[Sca-cooks] Macarons

Johnna Holloway johnnae at mac.com
Sun Jul 18 16:58:41 PDT 2010

I turned up some mentions to the sweet biscuits in EEBO-TCP.

Tomkis, Thomas. Albumazar. A comedy presented before the Kings  
Maiestie at Cambridge, the ninth of March. 1614. By the Gentlemen of  
Trinitie Colledge.

And heare you sir:
If you chance meet with boxes of white Comfites,
Marchpane, dry sucket, Macarouns and diet-bread,
'Twill helpe on well.
To furnish out our banquet.

Markham, Gervase, 1568?-1637. Countrey contentments, or The English  
husvvife. 1623

To make Iumbals more fine and curious then the for|mer, and neerer to  
the taste of the Macaroone; take a  pound of sugar beate it fine; then  
take as much fine wheat flower and mixe them together, then take two  
whites and one yelke of an egge, halfe a quarter of a pound of blaun| 
ched Almonds; then beat them very fine altogether with halfe a dish of  
sweet butter, and a spoonefull of rosewa|ter, and so worke it with a  
little Creame till it come to a very stiffe past, then roule them  
forth as you please: And hereto you shall also if you please adde a  
few dried Ani|seedes finely rubbed and strewed into the past.
Phillips, Edward, 1630-1696? The new world of English words, 1658

Macarons, (Ital.) lumps of boiled paste, strewed over with sugar or  
spice, a dish much used by the Italians; but here they are commonly  
compounded of Almonds, Sugar, Rose-water, and Musk.

N. H., Dunton, John, 1659-1733. The ladies dictionary, being a general  
entertainment of the fair-sex a work never attempted before in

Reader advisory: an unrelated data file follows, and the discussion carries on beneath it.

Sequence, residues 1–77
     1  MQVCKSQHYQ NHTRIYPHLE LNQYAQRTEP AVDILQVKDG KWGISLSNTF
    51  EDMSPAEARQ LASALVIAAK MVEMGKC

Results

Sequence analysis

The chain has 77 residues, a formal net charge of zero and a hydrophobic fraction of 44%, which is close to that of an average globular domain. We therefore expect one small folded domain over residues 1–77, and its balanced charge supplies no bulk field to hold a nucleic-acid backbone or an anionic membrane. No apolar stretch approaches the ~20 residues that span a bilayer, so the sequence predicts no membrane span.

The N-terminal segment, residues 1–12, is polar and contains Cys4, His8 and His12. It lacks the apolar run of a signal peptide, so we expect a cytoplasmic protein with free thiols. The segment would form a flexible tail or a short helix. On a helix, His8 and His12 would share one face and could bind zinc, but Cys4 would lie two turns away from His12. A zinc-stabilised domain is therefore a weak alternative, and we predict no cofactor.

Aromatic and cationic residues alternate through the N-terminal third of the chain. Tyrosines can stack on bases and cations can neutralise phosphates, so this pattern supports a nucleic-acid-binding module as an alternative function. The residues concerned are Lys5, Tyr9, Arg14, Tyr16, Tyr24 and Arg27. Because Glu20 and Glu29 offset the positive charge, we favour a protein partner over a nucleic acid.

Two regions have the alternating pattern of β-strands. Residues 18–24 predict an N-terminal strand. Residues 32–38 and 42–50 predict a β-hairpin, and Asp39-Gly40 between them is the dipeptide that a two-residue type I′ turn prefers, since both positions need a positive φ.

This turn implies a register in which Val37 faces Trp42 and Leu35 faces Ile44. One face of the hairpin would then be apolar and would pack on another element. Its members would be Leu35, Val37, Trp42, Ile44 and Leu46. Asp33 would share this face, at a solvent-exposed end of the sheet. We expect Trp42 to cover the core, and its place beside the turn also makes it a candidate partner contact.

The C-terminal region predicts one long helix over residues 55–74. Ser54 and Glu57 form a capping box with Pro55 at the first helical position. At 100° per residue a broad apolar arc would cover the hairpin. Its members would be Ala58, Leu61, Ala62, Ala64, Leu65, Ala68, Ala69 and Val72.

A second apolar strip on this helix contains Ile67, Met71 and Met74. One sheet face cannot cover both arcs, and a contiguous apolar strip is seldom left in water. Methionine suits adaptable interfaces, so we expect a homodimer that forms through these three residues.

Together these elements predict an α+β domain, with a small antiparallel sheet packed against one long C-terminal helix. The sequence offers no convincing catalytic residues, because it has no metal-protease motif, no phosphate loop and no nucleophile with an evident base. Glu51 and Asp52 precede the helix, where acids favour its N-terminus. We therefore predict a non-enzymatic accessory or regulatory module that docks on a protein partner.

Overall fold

English. 1694

(Fr.) little Fri|rer-like Buns, or thick Lozenges compounded of Sugar,  
Almonds, Rose-water, and Musk, pounded together and baked wich a  
gentle fire.
Also the Italian Macaroni, lumps or gobbers of boiled paste, served up  
in butter, and strewed over with Spice, and grated cheese; a common  
dish in Italy.

OED says:

  A small sweet cake or biscuit consisting chiefly of ground almonds  
(or coconut), egg white, and sugar. Also: the mixture used for baking  

1611 R. COTGRAVE Dict. French & Eng. Tongues, Macarons, Macarons;  
little Fritter-like Bunnes, or thicke Losenges, compounded of Sugar,  
Almonds, Rosewater, and Muske.
   1615 G. MARKHAM Countrey Contentm. (1668) II. ii. 98 To make  
Jumbals more fine and curious..and nearer to the taste of the Macaroon.

   1630 J. TAYLOR Great Eater of Kent in Wks. I. 146/1 Whether it  
bee..Fritter, or Flapiacke, or Posset, Galley-Mawfrey, Mackeroone,  
Kickshaw, or Tantablin.
   1672 N. GREW Anat. Veg. i. 3 The inner Coat [of the bean]..so far  
shrinking up, as to seem only the roughness of the outer, somewhat  
resembling Wafers under Maquaroons.
   1688 R. HOLME Acad. Armory III. 83/2 Mackrooms, a kind of roul of  
sweet Bread.

Do as Bear says and skip the Catherine de Medici references.


On Jul 18, 2010, at 4:57 PM, Terry Decker wrote:snipped
> Linguistically, macaron does tie to the Italian, maccaroni, meaning  
> dumpling and the English macaroon derives from the French, so there  
> may be something to the connection with Catherine.  However, I would  
> expect this to be later than the 1533 date most of the tales tout.
> There is an English reference to macaroons at the end of the 16th  
> Century (I'll have to dig for the source) and there is a reference  
> from one of Markham's texts in 1611.
> Bear
>> We are trying to find some additional period information on  
>> macarons - the
>> almond cookies from France.  All we seem to be able to determine is  
>> that
>> Catherine de Medici brought them with her.
>> If anyone has anything more informative we'd be grateful.
>> Shoshana

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